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Industry Voices: Brokers Share Best Practices

Working as a broker comes with a host of challenges, ranging from the navigation of new technology to persistent post-pandemic economic pressures. At a time when the industry is in a state of flux, it's important to stay agile and open to improving processes that may no longer be working as efficiently as they once were.

SFA News Daily spoke with Jose Teigeiro of Specialty Products Inc., Mike Reich of Hanson Faso Sales & Marketing, Inc., and Becky Yehia of Becky Yehia and Associates about common questions budding and veteran brokers may have about the industry.

Q: What attributes do you find to be most useful in an organizational business tool for brokers?

All three shared that customer relationship management systems or unified commerce platforms are key to tracking orders and ensuring each client is well cared for.

Teigeiro said that his company uses Act!, software that is designed for small and mid-sized businesses to organize their client information.  Yehia uses a similar service called Aleran, which helps support customer orders. Additionally, she added that her firm has created a website that customers can use to place orders directly, which has proven to add efficiencies.

The most useful organizational tool, “allows you to track orders both year over year and for comparative periods,” shared Reich. “Not all clients work on a [classic] calendar or fiscal year and you need to be able to track their business as best you can compared to how they view it, which tends to be in their [unique] fiscal calendar.”

Q: Do you have any advice for brokers looking to keep track of their client information?

Teigeiro said that, in addition to using a CRM system, Specialty Products Inc. employs someone part-time to manage the system and keep it up to date. A service of this type can be powerful but requires crucial time and effort to implement and update before experiencing its benefits. Yehia also recommended services like Aleran or Brandwise.

Reich noted that it can be beneficial to keep an anniversary grid by account or client which includes all major events from the prior year, which can help to benchmark and keep the client on track.

Q: What do you feel is the biggest issue facing brokers today? How do you or your company address these issues?

A lack of loyalty is hurting business, according to Teigeiro. Services like ECRM, which owns RangeMe, make the process “feel like a ‘back door.’ Principals take it on; however, many lack the ability to follow up in a way buyers need,” he said. Specialty Products works closely with the principals to communicate key opportunities and design merchandise solutions on key accounts.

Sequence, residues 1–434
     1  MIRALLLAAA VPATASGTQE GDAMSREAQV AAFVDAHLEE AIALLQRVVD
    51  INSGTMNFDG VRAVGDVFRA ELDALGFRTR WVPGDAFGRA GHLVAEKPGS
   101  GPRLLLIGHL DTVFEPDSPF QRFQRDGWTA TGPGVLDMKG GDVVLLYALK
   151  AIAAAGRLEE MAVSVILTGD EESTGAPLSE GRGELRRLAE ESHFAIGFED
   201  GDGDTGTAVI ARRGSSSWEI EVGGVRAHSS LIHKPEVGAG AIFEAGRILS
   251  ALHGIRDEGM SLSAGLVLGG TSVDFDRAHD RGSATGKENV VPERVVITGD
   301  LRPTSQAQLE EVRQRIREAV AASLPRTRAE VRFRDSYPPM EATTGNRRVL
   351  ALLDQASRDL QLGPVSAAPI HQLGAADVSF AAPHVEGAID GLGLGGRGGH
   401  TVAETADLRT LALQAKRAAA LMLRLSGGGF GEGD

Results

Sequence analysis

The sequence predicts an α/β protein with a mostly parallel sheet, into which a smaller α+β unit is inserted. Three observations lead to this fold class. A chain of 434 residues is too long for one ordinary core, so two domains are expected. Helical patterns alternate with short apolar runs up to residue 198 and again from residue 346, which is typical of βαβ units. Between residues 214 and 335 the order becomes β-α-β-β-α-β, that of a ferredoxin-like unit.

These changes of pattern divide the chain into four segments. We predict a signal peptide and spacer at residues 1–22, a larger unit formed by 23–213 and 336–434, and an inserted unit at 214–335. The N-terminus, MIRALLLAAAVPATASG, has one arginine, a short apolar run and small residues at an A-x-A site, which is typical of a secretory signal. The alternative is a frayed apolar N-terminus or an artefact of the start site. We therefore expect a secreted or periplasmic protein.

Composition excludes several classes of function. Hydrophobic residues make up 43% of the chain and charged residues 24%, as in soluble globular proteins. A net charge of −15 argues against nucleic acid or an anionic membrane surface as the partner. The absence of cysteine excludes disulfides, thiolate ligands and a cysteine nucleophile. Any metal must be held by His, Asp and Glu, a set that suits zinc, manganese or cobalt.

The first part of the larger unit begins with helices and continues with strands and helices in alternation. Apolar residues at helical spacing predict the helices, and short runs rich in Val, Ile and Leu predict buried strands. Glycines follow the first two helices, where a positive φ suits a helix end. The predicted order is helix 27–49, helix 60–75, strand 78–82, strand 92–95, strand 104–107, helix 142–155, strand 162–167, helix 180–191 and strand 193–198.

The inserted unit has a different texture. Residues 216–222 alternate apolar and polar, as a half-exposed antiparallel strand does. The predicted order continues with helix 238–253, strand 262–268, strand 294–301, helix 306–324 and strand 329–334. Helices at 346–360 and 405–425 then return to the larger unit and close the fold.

Preparing clients economically is key to Reich’s success.

“The current financial pressure on the manufacturer community is slowing down cash flows downstream which tends to lead to slower payments to service providers like brokers,” he said. “We allocate a lot of resources and time to making sure our clients have everything they need from us to pay us on time and in full.”

Yehia added an additional issue to the mix: oversaturation. She said that it is difficult to work when there are multiple representatives for the same product lines within the same territory. Her team works to decide the best representative to best serve an oversaturated area.

Q: What methods do you employ to find and recruit brands you can help?

To gain potential new clients on the retail side, Teigeiro said that his team goes into stores to identify a grocer’s “white space,” the categories or offerings that are not being merchandised but can help lead the grocer to experience dramatic gains. Then, they help communicate the opportunity to these businesses and provide solutions by advocating for good-fit partners.

As an example, he shared that with one of his company’s retail partners, Menards, a hardware store with 350 locations, his team found that they only merchandised “cheap” candy, but that there was a “white space” of gourmet delights.

Reich and Yehia gave insight into gaining clients on the maker side, advocating for trade show attendance. Yehia said that her team goes to the Summer and Winter Fancy Food Shows to find new, relevant lines that fit into their niche. When Reich’s team attends a show, they plan to be on the lookout for specific client types that match market trends.

Reich added that clients often beget clients, with many connections resulting from referrals from current clients and customers.

Specialty Food Association compiles an annual Broker Directory available for SFA members and non-members. It is in the SFA Learning Center. 

Related: Specialty Food Buyers Mission at Winter Fancy Food Show; Mastering the Trade Show: Wow Buyers, Press